Hukou Status and Cognitive Function Among Older Chinese Adults: Does Support from Friends Matter?

Changmin Peng, Jeffrey A. Burr, Bei Wu, Mengting Li

Research output: Contribution to journalArticlepeer-review

Abstract

Objectives: This study examined whether older Chinese adults with different types of hukou status (government household registration system) exhibited different cognitive outcomes and whether receiving support from friends, an under-appreciated resource, helped mitigate the negative impacts of agricultural hukou status on cognitive health disparities. Methods: Using nationally representative data from the China Longitudinal Aging Social Survey, this study tested these relationships with well-validated measures. Results: Our results showed that older Chinese adults with agricultural hukou were more likely to have worse cognitive function than those with non-agricultural hukou. Further, friend support characteristics moderated the association between hukou status and cognitive function, whereby having better friend support was related to a weaker negative effect of agricultural hukou status on cognitive function. Discussion: The findings suggested that agricultural hukou status reflects the effects of accumulated disadvantage across the life course with negative consequences for late-life cognition. The cognitive health disparities between agricultural and non-agricultural residents may be reduced in the context of a higher level of friend support, supporting a stress buffering hypothesis.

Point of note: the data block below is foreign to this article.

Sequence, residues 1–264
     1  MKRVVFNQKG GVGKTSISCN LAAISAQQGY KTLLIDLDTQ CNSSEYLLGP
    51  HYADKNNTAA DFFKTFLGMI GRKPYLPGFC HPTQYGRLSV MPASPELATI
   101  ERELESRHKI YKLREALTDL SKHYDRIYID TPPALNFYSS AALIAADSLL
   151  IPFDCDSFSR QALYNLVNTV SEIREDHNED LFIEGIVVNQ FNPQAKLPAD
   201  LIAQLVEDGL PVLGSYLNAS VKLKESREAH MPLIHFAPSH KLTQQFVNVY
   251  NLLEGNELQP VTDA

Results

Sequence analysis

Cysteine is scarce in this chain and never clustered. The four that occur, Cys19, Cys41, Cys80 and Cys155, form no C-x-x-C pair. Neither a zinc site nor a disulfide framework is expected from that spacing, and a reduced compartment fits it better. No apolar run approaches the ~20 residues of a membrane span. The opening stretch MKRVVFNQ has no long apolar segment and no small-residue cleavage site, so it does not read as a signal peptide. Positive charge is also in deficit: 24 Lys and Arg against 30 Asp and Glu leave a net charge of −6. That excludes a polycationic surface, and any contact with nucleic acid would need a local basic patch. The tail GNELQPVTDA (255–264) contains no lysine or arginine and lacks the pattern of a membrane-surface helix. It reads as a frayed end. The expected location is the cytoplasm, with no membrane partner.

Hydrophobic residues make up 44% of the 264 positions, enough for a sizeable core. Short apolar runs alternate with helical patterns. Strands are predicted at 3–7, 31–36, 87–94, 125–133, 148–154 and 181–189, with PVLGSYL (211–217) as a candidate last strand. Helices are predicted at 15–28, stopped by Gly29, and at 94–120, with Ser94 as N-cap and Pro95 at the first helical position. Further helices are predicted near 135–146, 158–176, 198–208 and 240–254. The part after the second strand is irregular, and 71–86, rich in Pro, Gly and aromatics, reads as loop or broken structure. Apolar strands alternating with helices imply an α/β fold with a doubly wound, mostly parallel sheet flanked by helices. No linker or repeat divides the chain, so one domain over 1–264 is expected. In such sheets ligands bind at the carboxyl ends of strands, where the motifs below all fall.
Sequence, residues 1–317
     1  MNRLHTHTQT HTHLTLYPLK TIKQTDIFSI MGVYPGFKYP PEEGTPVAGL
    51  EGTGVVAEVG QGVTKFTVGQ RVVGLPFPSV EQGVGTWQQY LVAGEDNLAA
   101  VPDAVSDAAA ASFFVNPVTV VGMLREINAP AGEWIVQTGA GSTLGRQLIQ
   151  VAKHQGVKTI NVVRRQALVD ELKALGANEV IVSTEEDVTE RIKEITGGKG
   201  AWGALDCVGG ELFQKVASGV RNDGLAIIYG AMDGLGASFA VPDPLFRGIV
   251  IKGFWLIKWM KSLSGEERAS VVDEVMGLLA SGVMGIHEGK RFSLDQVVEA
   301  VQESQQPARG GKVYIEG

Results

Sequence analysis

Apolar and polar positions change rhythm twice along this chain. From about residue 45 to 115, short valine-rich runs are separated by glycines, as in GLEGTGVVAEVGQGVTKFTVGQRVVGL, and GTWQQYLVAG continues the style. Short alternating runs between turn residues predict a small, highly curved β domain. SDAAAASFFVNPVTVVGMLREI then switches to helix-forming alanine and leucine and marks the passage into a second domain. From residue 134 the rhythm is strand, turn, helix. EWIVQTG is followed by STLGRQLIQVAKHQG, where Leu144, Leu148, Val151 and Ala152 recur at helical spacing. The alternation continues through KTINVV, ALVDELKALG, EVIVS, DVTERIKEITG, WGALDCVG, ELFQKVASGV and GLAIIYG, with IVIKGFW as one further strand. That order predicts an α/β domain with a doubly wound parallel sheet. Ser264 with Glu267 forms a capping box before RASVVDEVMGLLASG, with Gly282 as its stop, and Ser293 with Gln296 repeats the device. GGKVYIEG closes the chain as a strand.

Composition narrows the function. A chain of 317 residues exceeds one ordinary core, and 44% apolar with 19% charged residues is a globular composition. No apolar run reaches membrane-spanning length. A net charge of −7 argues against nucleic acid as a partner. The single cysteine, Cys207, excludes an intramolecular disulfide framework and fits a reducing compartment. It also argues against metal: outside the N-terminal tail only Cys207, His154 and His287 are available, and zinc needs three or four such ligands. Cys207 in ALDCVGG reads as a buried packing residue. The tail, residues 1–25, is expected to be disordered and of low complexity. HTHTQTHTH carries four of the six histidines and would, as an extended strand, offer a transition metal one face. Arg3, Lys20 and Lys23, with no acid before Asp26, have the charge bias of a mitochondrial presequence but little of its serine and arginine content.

Original languageEnglish (US)
JournalJournal of Aging and Health
DOIs
StateAccepted/In press - 2023

Keywords

  • China longitudinal aging social survey
  • agricultural hukou
  • friend support
  • health disparities
  • social class
  • stratification

ASJC Scopus subject areas

  • Health(social science)
  • Sociology and Political Science
  • Life-span and Life-course Studies

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